What's Happening in East Bay Theater 

Our critics weigh in on local theater.

For complete, up-to-date East Bay theater listings, look under Billboard on the home page for the "Select Category" pulldown, then select "Theater & Performing Arts."

Achilles and Patroclus -- According to Homer, the Trojan War lasted ten years. Hopefully the war on Iraq won't last as long, because Berkeley theater companies will soon run out of variations on Homer's Iliad to use as antiwar messages. Add now the balanced, heartbreaking Achilles and Patroclus from CentralWorks. Writer Gary Graves can get a little ponderous, but this story is dynamic and shows off his versatility. Cole Smith's Achilles has one hell of a journey, from surly soldier to playful lover to sensitive spiritual guy and peace activist to his eventual descent into madness and vengeance. This is not your high school Homer; intensely realized, funny, and very sad by turns, Achilles and Patroclus is a complex, modern love story. -- L.D. (Through November 20 at the Berkeley City Club; CentralWorks.org or 510-558-1381.)

The Arab-Israeli Cookbook -- The first thing you need to know about this TheatreFIRST production is that if you don't eat before the show, you'll be miserable. In the first act alone, there's lavish discussion of fattoush, hummus, stuffed zucchini, stuffed vine leaves, marinated chicken, Greek salad, falafel, mushroom quiche, beetroot salad, apples and honey, and Thai noodles with veal. This show illuminates the Arab-Israeli conflict by introducing characters who go beyond the Arab/Jew dichotomy: Greek Orthodox, urbanites, villagers, gay couples, etc. And the characters mostly talk about food -- which is a clever way to get past abstraction and chest-beating. Much about the concept works, but it starts to feel limited by the end of the first act. Robin Soans clearly fell so love in with the people he talked to that he wasn't as merciless in his editing as the piece needs. While it's sweet and unexpectedly tasty, The Arab-Israeli Cookbook also could stand to be less filling. -- L.D. (November 10-20 at the Old Oakland Theatre, and December 1-4 at the Traveling Jewish Theatre in San Francisco; TheatreFIRST.com or 510-436-5085.)

Dear World -- Absolutely nothing happens in this pleasing but insubstantial 1969 Jerry Herman musical based on Jean Giraudoux' The Madwoman of Chaillot (despite a promising setup about blowing up a Parisian cafe to get at crude oil underneath), but there are enough hilariously dotty old ladies, cloying saintly mutes, gleefully fiendish entrepreneurs, and stirring songs drenched in sentimental antimodernity to keep you entertained. Ann Homrighausen is a hoot as the irrepressible Countess Aurelia, despite a mite too much madwoman makeup. Some of the timing could stand to be tightened at the beginning of each act in director Pat Nelson's staging (and the ingenue's big love song sounds as if it might be heartrending were it sung on key), but by and large it's a lively community theater production with solid musical direction by Pat King, fine lacy gowns by Jo Lusk, and nicely detailed sets by John Hull. -- S.H. (Through December 17 at Masquers Playhouse; Masquers.org or 510-232-4031.)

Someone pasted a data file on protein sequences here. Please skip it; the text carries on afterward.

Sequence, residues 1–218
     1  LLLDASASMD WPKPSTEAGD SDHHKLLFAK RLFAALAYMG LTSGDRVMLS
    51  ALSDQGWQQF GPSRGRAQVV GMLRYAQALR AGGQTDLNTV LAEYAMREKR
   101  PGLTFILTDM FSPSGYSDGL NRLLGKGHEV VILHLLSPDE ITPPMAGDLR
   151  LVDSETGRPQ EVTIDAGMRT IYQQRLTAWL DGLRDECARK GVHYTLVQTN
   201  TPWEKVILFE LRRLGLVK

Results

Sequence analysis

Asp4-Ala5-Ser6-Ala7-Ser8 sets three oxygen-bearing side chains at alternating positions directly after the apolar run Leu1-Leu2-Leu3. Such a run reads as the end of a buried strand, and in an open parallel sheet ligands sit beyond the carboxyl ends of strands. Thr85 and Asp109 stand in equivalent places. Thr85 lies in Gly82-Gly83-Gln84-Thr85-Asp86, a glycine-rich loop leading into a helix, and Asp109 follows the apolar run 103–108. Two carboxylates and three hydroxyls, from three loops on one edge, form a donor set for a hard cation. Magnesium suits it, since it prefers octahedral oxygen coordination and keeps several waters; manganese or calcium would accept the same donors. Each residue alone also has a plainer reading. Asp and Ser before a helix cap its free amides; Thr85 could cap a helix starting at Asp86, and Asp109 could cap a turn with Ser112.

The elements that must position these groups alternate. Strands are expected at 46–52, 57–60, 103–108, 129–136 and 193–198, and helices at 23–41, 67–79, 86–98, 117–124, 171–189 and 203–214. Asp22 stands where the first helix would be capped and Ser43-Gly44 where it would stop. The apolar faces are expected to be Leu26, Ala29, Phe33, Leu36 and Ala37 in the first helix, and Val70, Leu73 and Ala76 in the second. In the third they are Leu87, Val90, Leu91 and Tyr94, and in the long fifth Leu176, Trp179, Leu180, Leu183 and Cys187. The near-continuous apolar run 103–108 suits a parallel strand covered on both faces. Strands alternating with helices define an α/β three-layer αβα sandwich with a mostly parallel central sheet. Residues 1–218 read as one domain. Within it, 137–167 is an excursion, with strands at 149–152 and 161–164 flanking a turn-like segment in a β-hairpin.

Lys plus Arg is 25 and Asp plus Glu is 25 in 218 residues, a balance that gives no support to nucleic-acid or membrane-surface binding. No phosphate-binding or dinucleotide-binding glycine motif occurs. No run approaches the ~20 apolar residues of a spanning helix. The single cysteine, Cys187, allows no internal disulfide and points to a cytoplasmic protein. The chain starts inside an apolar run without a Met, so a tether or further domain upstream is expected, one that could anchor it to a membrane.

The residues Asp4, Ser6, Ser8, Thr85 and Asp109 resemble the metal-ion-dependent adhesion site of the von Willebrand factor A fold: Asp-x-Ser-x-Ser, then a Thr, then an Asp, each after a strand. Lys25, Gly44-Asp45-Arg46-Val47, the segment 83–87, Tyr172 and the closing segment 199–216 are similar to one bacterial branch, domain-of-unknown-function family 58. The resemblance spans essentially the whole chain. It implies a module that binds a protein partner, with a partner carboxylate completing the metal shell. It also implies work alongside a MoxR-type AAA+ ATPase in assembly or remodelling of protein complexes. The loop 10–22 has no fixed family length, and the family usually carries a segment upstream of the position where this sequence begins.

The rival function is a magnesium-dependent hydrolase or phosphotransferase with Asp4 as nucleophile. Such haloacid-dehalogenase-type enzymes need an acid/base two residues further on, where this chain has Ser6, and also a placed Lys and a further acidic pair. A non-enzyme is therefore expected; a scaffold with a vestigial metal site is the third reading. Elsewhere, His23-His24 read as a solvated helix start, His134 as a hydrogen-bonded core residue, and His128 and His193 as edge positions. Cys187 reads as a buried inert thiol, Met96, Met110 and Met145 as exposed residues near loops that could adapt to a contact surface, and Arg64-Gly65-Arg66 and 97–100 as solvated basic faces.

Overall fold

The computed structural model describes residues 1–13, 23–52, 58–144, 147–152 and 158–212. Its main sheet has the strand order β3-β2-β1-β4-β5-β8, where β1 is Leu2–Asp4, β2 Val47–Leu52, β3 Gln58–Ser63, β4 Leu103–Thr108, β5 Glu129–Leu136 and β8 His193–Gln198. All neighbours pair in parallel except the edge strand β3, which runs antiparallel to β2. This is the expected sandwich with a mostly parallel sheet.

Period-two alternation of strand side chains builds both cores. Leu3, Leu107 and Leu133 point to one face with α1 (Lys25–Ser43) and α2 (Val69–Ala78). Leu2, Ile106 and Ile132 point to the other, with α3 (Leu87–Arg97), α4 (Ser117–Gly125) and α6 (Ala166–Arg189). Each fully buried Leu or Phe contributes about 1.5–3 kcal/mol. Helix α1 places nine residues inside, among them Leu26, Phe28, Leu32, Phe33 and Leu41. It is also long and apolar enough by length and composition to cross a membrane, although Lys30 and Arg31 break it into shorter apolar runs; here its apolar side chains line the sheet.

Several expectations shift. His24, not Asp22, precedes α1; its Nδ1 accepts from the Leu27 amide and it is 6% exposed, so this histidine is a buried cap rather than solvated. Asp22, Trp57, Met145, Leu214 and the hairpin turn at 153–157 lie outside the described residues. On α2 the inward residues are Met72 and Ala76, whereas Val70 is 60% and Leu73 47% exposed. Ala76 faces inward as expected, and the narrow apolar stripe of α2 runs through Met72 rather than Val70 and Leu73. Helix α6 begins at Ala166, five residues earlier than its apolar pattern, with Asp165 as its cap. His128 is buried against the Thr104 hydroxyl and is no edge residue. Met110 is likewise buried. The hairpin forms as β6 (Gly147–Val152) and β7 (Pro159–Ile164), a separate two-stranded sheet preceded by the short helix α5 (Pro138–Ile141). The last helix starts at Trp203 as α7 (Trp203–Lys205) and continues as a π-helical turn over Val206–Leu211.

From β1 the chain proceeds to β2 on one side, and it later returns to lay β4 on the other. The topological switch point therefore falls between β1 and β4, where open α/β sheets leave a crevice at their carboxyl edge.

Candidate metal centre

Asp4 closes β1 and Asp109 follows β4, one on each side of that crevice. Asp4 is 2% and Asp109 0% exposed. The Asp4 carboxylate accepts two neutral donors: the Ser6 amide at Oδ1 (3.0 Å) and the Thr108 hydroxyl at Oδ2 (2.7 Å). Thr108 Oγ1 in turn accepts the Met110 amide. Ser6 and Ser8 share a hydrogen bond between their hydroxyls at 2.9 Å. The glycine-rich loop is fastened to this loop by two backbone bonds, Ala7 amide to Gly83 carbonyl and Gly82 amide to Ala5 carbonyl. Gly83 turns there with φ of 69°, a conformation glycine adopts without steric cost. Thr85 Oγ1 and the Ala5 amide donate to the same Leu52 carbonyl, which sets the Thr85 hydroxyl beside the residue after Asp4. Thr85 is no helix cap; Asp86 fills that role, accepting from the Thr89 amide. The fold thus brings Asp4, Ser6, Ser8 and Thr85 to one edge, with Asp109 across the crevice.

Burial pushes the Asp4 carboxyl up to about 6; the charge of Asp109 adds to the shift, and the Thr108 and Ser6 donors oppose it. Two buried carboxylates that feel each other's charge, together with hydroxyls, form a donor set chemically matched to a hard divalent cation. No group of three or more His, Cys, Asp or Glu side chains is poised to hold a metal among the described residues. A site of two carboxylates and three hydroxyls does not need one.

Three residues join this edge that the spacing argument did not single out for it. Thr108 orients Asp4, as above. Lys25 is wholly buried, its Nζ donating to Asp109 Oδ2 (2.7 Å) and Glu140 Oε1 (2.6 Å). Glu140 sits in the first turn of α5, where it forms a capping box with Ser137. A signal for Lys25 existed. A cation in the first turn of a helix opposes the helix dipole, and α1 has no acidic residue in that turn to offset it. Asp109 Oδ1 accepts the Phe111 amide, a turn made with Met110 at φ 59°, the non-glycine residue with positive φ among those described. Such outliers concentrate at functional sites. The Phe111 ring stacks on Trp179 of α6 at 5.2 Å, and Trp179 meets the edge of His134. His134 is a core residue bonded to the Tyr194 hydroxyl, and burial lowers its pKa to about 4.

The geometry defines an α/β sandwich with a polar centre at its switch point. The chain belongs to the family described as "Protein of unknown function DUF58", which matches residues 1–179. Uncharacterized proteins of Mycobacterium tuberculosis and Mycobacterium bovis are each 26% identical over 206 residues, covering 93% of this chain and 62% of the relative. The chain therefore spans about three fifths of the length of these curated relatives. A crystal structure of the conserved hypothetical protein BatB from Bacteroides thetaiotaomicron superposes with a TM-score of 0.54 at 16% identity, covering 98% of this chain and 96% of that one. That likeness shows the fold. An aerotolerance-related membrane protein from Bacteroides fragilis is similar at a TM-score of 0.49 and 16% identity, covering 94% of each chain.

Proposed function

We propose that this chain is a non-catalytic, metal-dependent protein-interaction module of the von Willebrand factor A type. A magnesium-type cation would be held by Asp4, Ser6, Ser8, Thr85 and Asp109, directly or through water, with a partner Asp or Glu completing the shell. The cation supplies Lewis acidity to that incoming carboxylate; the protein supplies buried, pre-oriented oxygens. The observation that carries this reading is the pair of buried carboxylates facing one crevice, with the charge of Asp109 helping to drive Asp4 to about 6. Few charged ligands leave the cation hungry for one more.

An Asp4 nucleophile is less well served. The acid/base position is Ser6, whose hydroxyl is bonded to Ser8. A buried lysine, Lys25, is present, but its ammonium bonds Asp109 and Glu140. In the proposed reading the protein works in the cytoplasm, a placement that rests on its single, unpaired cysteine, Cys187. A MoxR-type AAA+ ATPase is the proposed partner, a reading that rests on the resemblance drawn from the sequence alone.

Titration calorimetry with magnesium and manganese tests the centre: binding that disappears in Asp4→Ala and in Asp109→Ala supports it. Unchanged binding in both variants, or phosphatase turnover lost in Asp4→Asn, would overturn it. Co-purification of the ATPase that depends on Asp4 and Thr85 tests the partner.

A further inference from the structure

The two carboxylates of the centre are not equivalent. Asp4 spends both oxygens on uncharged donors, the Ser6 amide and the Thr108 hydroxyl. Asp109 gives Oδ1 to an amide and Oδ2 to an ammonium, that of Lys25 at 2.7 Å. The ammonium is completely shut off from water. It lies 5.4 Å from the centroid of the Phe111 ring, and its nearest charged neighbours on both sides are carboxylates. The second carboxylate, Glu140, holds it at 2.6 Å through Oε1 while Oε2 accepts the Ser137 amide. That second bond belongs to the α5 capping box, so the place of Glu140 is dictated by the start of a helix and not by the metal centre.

Macbeth -- If you've always thought someone should do a Macbeth in which Green Lantern kills Superman and Batman, then your moment has come. With the entire cast in homemade-looking trick-or-treat costumes by Melissa Paterson, director Kevin T. Morales' Halloween-themed production is fun and diverting, though it often feels as if it's diverting from the drama of the story itself. With giggling teen witches, some impressive fight choreography by Bruce Cole, and familiar tunes by Green Day and the Police sung between scenes, there are plenty of amusements to help sell one of Shakespeare's plays that really doesn't need much help in the first place. -- S.H. (Through November 12 at Town Hall Theatre; THTC.org or 925-283-1557.)

Six Degrees of Separation -- Often funny if stilted and never naturalistic, John Guare's rumination on class and identity gives little room for misinterpretation but ample food for thought. Inspired by a true story that caused the playwright some grief and somehow did not directly involve Kevin Bacon, the action begins on the level of droll anecdote by a married couple of well-heeled art dealers who get an unexpected visit from a mysterious, eloquent young stranger who claims to be the son of Sidney Poitier. Actors Ensemble gives it a lively workout in this bare-bones production directed by Mike Ward with a surprisingly large cast considering how few are onstage at any one time. Lance Gardner brings an engaging mixture of erudite unction and near-beatific enthusiasm to the purported Poitier, and Susan Jackson and Leo Lawhorn are charmingly smarmy when entertaining guests, though at loose ends when left alone together to tell the tale in slackly timed interruptions. -- S.H. (Through November 19 at Live Oak Theatre; AEofBerkeley.org or 510-649-5999.)

The Women -- Clare Boothe Luce's witty play is one long gossipfest, as women exchange choice tidbits about cheating husbands over hands of bridge and in powder rooms. The men never make an appearance, but they are all-important in this 1930s milieu, when wealthy women of leisure had only one task: keeping their spouses happy by the homefires. Excellent work by the ensemble cast and a beautifully stylized production make this a show to remember. But a word to the wise: If you've been philandering of late, suggest alternate entertainment to your mate or be prepared for a most uncomfortable evening. -- E.S. (Through November 19 at the Dean Lesher Center; DLRCA.org or 925-943-SHOW.)

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